Humans have two eyelids per eye—the upper and lower eyelids. Your dog appears to have two eyelids per eye, but there’s actually a third one that’s hidden from view. So, how many eyelids do dogs have? They have three eyelids per eye.
If you’ve ever seen your dog deeply sleeping, you may have noticed the pink eyelid that covers its eye, peeking through its external eyelids. This is known as the nictitating membrane or “third eyelid” that begins at the inner corner of their eyes.
What Is the Third Eyelid?
The third eyelid is found at the inside corner of the eyes in dogs and other canines, felines, and other animals. It’s a triangular membrane of conjunctival tissue that covers the surface of the eye to provide protection. The third eyelid also has one of the most important tear glands at its base.
While all dog breeds have a nictitating membrane, they could vary in their appearance. Some are clear or cloudy, while others may be pink.
In wild animals, the third eyelid is an important feature that keeps the eye safe from injury, dirt, or infection—risks that these animals encounter regularly. Though dogs live a comparatively cushy life, they still risk injury or infection to their eyes from daily activity.
Conditions of the Third Eyelid
Though you may not see the third eyelid often, it can develop conditions that are separate from the other eyelids:
The most common third eyelid condition is “cherry eye,”1 or a prolapse of the third eyelid gland from its normal position. When this occurs, the eyelid looks like a smooth pink or reddish mass above the edge of the third eyelid.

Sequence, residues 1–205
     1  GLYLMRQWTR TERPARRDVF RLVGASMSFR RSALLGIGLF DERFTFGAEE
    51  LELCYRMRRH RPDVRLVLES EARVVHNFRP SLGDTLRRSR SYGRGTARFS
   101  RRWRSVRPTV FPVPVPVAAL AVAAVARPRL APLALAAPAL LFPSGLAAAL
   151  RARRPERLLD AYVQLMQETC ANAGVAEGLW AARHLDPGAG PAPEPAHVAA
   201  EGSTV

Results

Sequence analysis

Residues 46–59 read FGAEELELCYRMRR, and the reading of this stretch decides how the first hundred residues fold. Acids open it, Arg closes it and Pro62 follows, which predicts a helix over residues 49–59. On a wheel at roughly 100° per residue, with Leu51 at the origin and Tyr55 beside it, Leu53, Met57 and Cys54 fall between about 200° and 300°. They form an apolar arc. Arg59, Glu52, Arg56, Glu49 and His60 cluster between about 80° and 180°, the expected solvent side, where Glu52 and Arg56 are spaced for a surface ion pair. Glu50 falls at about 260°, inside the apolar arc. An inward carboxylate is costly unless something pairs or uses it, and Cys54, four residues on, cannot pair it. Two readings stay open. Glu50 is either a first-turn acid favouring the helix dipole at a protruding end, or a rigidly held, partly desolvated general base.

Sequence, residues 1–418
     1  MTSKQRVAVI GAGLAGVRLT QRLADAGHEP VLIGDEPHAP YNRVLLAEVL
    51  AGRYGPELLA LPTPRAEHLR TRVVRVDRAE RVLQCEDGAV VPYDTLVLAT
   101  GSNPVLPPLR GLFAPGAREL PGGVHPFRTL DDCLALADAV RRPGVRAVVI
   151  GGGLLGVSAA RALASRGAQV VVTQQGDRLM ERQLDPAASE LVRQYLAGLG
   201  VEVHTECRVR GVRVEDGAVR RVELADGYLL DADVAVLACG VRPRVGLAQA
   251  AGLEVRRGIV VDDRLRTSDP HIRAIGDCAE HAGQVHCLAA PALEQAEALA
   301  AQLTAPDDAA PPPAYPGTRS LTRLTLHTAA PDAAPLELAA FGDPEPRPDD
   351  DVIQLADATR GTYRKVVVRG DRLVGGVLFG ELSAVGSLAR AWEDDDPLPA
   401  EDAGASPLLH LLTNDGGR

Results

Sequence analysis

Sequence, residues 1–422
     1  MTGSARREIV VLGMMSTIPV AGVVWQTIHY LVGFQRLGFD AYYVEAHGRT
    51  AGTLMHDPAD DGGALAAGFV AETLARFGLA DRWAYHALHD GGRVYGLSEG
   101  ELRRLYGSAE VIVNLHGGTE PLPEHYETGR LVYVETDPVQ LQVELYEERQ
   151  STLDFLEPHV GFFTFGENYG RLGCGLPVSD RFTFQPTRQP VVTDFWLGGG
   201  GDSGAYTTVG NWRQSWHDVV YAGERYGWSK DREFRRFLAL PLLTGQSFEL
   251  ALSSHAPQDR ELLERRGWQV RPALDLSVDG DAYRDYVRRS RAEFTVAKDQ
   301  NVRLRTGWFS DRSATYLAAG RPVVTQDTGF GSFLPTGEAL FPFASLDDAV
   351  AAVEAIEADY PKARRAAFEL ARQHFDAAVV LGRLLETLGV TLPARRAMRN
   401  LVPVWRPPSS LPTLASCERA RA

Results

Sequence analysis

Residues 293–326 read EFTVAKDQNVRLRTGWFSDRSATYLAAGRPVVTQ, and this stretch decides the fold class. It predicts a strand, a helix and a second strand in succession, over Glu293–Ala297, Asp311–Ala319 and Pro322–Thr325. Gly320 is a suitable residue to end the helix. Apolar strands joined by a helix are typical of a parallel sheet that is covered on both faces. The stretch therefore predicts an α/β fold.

Cherry eye often becomes obvious when it’s a red, swollen mass, which resembles a cherry. It could be large and may cover a portion of the cornea, or it may be small and only visible some of the time.
This can occur when the fibrous attachment that anchors the gland of the third eyelid is weak, allowing the gland to prolapse easily. Several breeds are prone to cherry eye, including Bulldogs, Boston Terriers, Beagles, Lhasa Apsos, Shih Tzus, Cocker Spaniels, and Bloodhounds. It can also occur in brachycephalic breeds of both dogs and cats or the breeds with a “squished face” look.
Cartilage eversion,2 or scrolled cartilage, is less common than cherry eye and tends to affect giant dog breeds. The third eyelid has T-shaped cartilage inside it, which helps it hold its shape. In younger giant breeds, the T area can grow quickly, leading the cartilage to become bent, averted, or scrolled.
When this happens, the third eyelid is “rolled up” and looks like a pink or reddish mass in the corner of the eye. This can look similar to cherry eye, so it may require a thorough examination to distinguish between the two.
How Are These Conditions Treated?
A poorly functioning nictitating membrane leaves a dog’s eye at risk of dryness, itchiness, and discomfort. Repeated rubbing and scratching at the membrane can cause other eye injuries, such as corneal ulcers.
With both cherry eye and cartilage aversion, the recommended treatment is surgery. For cherry eye, the gland is returned to its normal position at the base of the third eyelid to restore function, while cartilage aversion is treated by dissecting the cartilage and removing it. The prognosis is good for both conditions with surgery.
Though we may not see them often, dogs have three eyelids that are essential to the health of their eyes. In addition to the upper and lower eyelids, we can see all the time, dogs have a third eyelid that’s hidden near the tear duct. Because some conditions can affect the third eyelid and risk your dog’s eye health, it’s important to pay attention to your dog’s third eyelid and visit a vet if anything looks strange.
Featured Image Credit: Sabrinasfotos, Pixabay